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As a small business owner, you know that benefits are important to your employees. However, when it comes to part-time employees, things can get confusing, as there are minimal federal regulations on benefits for part-time employees.
If you’re wondering who is considered part-time and the benefits you should offer these workers, we’re here to help clear up your questions.
What is Considered Part-Time?
You know that there are specifics behind exempt and non-exempt employees, but what are the differences between full-time and part-time workers? The short version is, part-time employees work fewer hours than full-time employees, but the specifics of those hours tend to fall in the hands of business owners. A common practice is that part-time employees will work a minimum of 20 hours per week and no more than 35. Since the Fair Labor Standards Act (FLSA) does not outline specific requirements, a small business owner can choose the hours that work for their business.
Benefits for Part-Time Employees
Depending on the state you live in, some benefits such as workers’ compensation insurance, Social Security or short-term disability insurance may be required, while others such as health insurance, retirement plans or fringe benefits may be up to you to decide. It’s important to consider that even if they’re not required, offering some employee benefits can boost employee engagement or be key in attracting new talent. Five common employee benefits to consider for part-time workers are:
- Health insurance. The Affordable Care Act does not require employers with less than 50 employees to provide health insurance, but it’s definitely a benefit that employees appreciate receiving. A common requirement to receive health insurance is for employees to work a minimum of 20 hours per week, which could impact your part-time workers. Eligibility will depend on federal and individual state laws, the insurance provider, and other factors. When deciding to offer health insurance to part-time workers, first check with your provider to understand if there are any additional requirements to follow.
- Retirement plans. Offering 401(k) benefits to your employees shows that you are invested in their future. Similar to offering health insurance to part-time employees, there may be requirements for minimum hours worked for these employees to be eligible for retirement benefits. The Employee Retirement Income Security Act (ERISA) sets minimum standards that you’ll need to be aware of.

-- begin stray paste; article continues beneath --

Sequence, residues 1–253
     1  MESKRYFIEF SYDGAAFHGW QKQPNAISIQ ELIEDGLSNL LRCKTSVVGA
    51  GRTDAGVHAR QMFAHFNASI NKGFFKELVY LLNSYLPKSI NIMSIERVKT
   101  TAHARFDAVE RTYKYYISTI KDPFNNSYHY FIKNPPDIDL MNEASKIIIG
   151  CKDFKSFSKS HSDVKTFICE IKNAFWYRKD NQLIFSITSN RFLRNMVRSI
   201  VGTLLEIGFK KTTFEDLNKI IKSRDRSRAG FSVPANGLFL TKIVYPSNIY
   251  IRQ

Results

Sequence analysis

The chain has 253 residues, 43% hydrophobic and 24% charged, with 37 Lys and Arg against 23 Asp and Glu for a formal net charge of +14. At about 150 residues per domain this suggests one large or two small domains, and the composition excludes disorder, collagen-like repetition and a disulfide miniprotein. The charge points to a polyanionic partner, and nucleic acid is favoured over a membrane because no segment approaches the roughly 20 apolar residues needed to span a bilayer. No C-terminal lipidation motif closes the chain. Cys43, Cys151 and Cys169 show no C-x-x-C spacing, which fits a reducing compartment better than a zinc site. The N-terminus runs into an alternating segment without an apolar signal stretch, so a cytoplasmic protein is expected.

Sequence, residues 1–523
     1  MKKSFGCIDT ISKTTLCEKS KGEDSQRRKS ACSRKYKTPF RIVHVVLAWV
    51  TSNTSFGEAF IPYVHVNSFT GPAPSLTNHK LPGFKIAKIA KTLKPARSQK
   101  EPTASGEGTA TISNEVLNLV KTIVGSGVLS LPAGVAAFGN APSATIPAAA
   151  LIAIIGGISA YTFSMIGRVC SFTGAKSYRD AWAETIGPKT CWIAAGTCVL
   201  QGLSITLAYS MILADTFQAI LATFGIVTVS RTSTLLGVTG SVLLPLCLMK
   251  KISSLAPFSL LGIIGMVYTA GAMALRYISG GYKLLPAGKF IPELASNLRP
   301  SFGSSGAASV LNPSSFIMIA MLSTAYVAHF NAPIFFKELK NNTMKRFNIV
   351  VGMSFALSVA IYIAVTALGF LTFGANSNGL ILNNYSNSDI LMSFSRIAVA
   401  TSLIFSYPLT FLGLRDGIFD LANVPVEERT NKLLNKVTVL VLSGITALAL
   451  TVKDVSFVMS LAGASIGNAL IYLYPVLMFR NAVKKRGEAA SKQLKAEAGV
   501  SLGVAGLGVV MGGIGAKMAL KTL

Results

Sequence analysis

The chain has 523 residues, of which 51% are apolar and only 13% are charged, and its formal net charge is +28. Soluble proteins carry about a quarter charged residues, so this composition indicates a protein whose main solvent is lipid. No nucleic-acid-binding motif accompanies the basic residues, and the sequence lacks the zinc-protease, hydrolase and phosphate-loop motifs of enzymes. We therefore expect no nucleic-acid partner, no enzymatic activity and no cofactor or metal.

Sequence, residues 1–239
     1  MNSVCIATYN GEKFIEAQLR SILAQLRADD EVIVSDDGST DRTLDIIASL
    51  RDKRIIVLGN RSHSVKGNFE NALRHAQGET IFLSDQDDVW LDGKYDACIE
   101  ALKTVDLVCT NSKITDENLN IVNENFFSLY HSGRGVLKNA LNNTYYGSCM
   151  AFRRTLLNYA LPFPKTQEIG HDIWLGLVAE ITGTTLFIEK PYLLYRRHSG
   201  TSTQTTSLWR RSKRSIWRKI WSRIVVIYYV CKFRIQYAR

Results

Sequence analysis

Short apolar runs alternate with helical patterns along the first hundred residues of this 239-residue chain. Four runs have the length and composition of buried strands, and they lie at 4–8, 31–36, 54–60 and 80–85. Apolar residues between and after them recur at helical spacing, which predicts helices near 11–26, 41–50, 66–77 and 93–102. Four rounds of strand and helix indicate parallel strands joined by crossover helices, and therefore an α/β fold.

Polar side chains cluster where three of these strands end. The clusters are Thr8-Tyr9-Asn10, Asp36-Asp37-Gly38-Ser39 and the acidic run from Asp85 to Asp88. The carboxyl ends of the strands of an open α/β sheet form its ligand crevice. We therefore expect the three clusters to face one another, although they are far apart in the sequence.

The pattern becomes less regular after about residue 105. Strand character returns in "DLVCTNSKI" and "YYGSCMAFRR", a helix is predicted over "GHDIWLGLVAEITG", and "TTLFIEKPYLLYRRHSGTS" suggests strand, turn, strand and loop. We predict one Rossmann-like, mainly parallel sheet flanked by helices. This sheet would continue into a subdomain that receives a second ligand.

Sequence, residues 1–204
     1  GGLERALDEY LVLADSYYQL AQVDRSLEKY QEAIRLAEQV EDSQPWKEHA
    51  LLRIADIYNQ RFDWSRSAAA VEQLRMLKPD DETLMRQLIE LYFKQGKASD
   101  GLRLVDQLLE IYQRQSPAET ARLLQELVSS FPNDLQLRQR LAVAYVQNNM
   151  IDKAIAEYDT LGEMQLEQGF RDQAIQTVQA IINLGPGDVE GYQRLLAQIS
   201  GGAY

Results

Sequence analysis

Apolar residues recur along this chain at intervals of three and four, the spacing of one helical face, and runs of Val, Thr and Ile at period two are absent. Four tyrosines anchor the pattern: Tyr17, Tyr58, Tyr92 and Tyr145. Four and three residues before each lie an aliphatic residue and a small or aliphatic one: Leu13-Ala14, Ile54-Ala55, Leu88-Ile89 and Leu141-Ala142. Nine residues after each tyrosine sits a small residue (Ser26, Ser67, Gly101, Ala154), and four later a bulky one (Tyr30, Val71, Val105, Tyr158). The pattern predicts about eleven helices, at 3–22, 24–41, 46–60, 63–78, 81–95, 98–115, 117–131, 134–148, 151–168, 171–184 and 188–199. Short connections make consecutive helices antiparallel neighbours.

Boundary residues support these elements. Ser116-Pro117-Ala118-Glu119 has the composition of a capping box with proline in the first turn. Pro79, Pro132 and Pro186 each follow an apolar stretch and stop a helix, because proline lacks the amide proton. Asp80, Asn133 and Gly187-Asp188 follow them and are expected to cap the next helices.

- Unemployment benefits. Offering unemployment benefits depends on a variety of factors, including state regulations, the hours worked in a year, wages earned during a certain time period, and how employment ended (meaning if the employee was laid off, fired, or quit). To determine your requirements as a small business owner, check the rules for your state first as set by the Department of Labor.
- Overtime laws. If your part-time employee is classified as non-exempt, they would possibly be eligible for overtime pay. There may be times that your business hits a busy season and you may need all hands on deck. The FLSA mandates that overtime pay is one and one-half times the regular rate for all hours worked over 40 in a week. If your part-time employees receive an hourly wage of $10, their overtime wage would be $15 per hour.
- Fringe benefits. While the majority of the previously mentioned benefits depend on factors such as hours worked, when it comes to fringe benefits, you have more flexibility in what you choose to offer part-time employees. Things like paid time off, including vacation and sick days, work from home opportunities, or health and wellness stipends, are benefits that you can control.
There is no downside to offering benefits to your part-time employees. While there are certain requirements to follow, you overall have the option to set the rules for your small business part-time employees.
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This website contains articles posted for informational and educational value. SurePayroll is not responsible for information contained within any of these materials. Any opinions expressed within materials are not necessarily the opinion of, or supported by, SurePayroll. The information in these materials should not be considered legal or accounting advice, and it should not substitute for legal, accounting, and other professional advice where the facts and circumstances warrant. If you require legal or accounting advice or need other professional assistance, you should always consult your licensed attorney, accountant or other tax professional to discuss your particular facts, circumstances and business needs.